A glossary of terms used in Insight on Research stories:
- Alternative splicing
- Atomic resolution
- DNA crosslinks
- History of DNA interstrand crosslinks
- Early Earth conditions
- Endoplasmic reticulum unfolded protein response (UPRER)
- G protein-coupled receptors (GPCRs)
- Innate lymphoid cells, type 2 (ILC2s)
- mTORC1 regulation
- Reverse transcription
- RNA sequencing, single cell
- TATA box binding protein (TBP)
Alternative splicing is a process by which a single gene can be read in slightly different ways to produce multiple versions, or isoforms, of the same protein. Our bodies are able to control this process so that specific versions are made in certain circumstances or in particular cell-types and tissues.
Resolution is usually reported in Ångströms, a unit of length that is one ten-billionth of a metre or 0.1 nanometres, ahttps://www2.mrc-lmb.cam.ac.uk/nd refers to the smallest distance between which two objects can be seen to be separate.
The length of a typical carbon-carbon bond is 1.5 Å; other bonds in proteins are a bit shorter. Thus, as the resolution gets down to 1.2 Å, it becomes possible to see individual atoms within a protein, achieving true atomic resolution.
A map shows you what exists in an area and how you can get from one place to another. Connectomics is the study of brain maps identifying every neuron in an organi sm’s nervous system and how they connect with each other.
Mapping a brain is done similarly to manually drawing a road map from satellite images, except in three dimensions using high resolution electron microscopy images of a whole fly brain. This is a time-consuming process, with reconstruction of any individual neuron taking many hours.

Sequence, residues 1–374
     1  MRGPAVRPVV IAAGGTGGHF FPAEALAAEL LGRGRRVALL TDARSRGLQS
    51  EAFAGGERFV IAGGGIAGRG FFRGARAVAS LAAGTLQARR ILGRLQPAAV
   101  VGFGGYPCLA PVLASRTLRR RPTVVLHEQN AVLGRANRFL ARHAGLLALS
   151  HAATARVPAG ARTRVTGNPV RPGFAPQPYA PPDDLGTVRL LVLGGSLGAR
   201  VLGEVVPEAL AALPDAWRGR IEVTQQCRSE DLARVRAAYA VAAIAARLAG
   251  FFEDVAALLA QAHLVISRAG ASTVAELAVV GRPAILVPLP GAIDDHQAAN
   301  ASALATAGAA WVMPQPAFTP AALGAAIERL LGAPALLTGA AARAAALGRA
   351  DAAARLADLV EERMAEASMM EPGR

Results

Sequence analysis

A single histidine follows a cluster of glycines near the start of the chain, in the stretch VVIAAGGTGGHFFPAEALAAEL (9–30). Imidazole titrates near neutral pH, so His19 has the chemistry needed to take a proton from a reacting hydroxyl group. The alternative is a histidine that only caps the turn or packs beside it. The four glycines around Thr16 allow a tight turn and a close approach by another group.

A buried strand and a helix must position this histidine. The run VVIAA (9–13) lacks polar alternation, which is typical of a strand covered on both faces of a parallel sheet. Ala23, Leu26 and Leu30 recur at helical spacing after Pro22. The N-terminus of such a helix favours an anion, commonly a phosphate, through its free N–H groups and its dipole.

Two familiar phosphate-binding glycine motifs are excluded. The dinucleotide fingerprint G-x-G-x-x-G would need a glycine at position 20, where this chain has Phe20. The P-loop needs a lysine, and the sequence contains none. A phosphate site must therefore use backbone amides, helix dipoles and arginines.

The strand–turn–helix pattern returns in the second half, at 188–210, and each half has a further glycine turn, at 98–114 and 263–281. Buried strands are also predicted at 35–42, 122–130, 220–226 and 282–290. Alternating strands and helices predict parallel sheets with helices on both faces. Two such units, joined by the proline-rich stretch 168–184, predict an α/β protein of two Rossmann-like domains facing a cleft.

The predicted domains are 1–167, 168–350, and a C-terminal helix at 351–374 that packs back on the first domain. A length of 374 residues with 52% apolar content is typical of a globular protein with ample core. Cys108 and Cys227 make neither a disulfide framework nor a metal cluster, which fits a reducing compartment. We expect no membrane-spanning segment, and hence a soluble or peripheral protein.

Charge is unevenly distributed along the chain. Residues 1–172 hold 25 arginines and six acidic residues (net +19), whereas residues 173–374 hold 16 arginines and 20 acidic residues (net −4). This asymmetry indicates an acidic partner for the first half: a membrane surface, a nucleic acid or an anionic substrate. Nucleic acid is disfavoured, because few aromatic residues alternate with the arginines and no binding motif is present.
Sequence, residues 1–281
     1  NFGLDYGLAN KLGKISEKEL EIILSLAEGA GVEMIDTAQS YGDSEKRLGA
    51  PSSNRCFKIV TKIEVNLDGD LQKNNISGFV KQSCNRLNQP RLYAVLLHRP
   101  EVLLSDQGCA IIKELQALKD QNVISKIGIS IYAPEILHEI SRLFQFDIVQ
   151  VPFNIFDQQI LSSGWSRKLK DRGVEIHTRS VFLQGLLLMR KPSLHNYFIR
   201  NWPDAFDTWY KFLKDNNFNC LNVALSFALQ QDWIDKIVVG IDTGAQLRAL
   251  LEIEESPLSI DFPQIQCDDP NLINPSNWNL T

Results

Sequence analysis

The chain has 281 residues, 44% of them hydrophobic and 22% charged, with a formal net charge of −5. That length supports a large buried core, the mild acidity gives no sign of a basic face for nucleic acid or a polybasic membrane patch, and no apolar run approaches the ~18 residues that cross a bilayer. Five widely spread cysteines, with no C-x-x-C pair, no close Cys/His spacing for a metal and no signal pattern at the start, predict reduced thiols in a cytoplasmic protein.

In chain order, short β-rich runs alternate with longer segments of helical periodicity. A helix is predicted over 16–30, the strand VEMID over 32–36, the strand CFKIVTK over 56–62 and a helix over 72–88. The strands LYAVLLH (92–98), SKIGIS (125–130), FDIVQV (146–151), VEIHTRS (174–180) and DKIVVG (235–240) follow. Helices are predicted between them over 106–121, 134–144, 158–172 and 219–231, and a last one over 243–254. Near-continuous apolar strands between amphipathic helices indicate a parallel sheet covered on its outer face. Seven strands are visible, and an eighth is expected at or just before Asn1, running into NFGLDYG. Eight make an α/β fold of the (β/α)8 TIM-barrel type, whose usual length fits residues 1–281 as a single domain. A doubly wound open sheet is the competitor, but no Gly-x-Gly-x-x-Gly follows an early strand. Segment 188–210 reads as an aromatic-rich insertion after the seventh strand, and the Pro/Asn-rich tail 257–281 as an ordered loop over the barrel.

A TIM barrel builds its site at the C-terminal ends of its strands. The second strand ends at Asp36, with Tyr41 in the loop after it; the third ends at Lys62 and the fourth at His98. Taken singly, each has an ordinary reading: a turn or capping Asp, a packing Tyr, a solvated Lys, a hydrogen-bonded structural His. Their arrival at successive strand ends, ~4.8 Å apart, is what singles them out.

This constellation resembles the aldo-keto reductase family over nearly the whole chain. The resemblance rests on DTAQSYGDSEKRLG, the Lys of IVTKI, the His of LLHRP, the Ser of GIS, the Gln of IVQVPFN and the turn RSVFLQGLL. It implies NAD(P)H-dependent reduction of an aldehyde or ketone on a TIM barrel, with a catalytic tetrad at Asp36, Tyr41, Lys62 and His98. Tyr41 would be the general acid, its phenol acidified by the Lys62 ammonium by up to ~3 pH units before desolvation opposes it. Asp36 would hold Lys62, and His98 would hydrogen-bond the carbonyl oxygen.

Linkages can form between two nucleotides of DNA within the same strand or between opposite strands of the double-stranded helix, as a result of exposure to exogenous chemicals, such as chemotherapeutic drugs and alcohol, or endogenous by-products of normal cellular metabolism.
These linkages can distort the shape of the DNA helix or prevent two strands from unwinding during DNA replication or transcription. If unrepaired, crosslinks can therefore block DNA from being replicated or transcribed to produce mRNA and then protein. Detection of unrepaired DNA crosslinks can trigger cell death. If crosslinks are found by the FA core complex, DNA repair enzymes are recruited and cell death can be avoided.
History of DNA interstrand crosslinks
Mustard gas was a deadly chemical weapon first used in World War I against the allies. It killed, maimed and inflicted terror on battlefields near the end of the Great War. By the time of the Second World War, the Allied Forces were anxious about a repeat of the first war. Scientists got busy looking for antidotes to the toxin. This is when two scientists from Yale University, Louis Goodman and Alfred Gilman, discovered that the gas particularly affected white blood cells (which when mutated can develop into cancers), and hypothesised that this agent could be used to treat leukemia. Later on, it was discovered that these and similar anti-cancer drugs worked by generating DNA interstrand crosslinks (ICLs). Since then, agents that induce ICLs are commonly used in chemotherapy. Therefore, understanding ICL repair is important not only to understand the molecular mechanism of Fanconi anaemia, but also DNA repair after chemotherapy.